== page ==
Law Union calls on Ontario to resist Harper’s regressive Omnibus Crime Bill

In the aftermath of an Ontario court striking down another “mandatory minimum sentence” last week, Ontario lawyers and legal rights advocates are urging Ontario’s Attorney General, Hon. John Gerretsen, to take steps to mitigate the impact of the federal government’s new crime legislation before it begins coming into force on August 9, 2012.

The Law Union of Ontario has written to Attorney General Gerretsen asking for the Minister to comply with the spirit of two Ontario court rulings by resisting the measures implemented under Bill C-10, the “Omnibus Crime Bill”, through provincial policies. 

The Law Union of Ontario letter calls on the Attorney General to:

  • Instruct Crown prosecutors to give serious consideration to consenting to probation in place of jail sentences; 
  • Encourage Crowns to pursue other reasonable offences that preserve judicial discretion in sentencing instead of those carrying mandatory minimums;
  • Direct Crowns to seek non-custodial sentences for non-violent offences and for offenders who do not pose any public safety risk; and,
  • Promote greater reliance on mental health and addiction diversion strategies, similar to measures expected in Quebec that promote treatment over imprisonment.

For youth in the system, the Attorney General should:

  • Direct that a young person’s name only be made public in exceptional circumstances;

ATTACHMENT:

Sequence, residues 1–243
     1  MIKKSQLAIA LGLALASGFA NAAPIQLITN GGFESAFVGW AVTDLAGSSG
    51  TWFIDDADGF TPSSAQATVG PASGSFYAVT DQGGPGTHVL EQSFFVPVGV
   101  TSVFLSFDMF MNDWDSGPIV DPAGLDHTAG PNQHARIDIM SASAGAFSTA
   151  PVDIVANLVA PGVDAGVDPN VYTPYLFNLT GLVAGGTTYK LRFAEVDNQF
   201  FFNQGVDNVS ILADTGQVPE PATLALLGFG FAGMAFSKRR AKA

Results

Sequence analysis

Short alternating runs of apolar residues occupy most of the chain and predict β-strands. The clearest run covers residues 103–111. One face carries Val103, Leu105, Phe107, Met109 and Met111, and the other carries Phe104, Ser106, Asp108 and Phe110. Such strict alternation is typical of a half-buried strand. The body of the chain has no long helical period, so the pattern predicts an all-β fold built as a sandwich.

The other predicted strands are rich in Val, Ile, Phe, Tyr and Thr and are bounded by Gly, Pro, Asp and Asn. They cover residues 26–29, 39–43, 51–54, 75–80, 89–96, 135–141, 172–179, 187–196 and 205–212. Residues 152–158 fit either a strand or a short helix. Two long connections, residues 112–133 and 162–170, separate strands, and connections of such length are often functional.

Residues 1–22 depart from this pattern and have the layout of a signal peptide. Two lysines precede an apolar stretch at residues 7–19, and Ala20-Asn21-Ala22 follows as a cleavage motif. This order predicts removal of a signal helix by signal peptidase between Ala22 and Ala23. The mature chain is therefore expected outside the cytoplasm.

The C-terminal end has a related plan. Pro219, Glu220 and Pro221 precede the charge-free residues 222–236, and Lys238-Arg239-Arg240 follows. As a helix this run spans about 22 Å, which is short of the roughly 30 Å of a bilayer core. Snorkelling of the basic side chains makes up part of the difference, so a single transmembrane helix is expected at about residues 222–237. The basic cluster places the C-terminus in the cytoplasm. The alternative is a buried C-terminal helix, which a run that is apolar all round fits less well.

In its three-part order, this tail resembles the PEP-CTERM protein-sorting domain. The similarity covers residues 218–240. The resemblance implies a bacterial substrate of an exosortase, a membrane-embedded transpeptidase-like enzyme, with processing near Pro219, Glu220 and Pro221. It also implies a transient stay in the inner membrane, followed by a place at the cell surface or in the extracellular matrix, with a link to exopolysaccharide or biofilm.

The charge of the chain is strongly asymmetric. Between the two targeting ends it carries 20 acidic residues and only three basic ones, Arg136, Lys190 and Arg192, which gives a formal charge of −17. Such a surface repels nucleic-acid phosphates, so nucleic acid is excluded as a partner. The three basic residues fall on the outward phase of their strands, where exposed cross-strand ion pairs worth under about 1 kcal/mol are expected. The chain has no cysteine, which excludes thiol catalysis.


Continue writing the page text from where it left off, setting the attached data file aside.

• Relieve prosecutors of the obligation to demand an adult sentence for someone under 16;
  • Ensure that all players in the youth justice system receive proper training on the new provisions and objectives of the Youth Criminal Justice Act; and,
  • Ensure that alternative measures/diversion provisions are available for populations that face special challenges.

The Ministry of Community Safety and Correctional Services has estimated that the Omnibus Crime Bill will cost Ontario more than $1 billion in infrastructure-related costs alone, and more than $50 million annually in additional operating expenses for new jails and correctional institutions. This is an enormous cost for policies that increase repression a do nothing for public safety and increase the risk of re-offending.

 The Law Union of Ontario letter has been endorsed by:

  •  Africans in Partnership Against AIDS
  • Canadian HIV/AIDS Legal Network
  • Criminal Lawyers Association
  • Defence for Children International
  • Department of Criminal Justice and Criminology, Ryerson University
  • Frontline Partners with Youth Network
  • HIV & AIDS Legal Clinic Ontario (HALCO)
  • Toronto Police Accountability Coalition 

To endorse this call, email your name/organization and email address to:  

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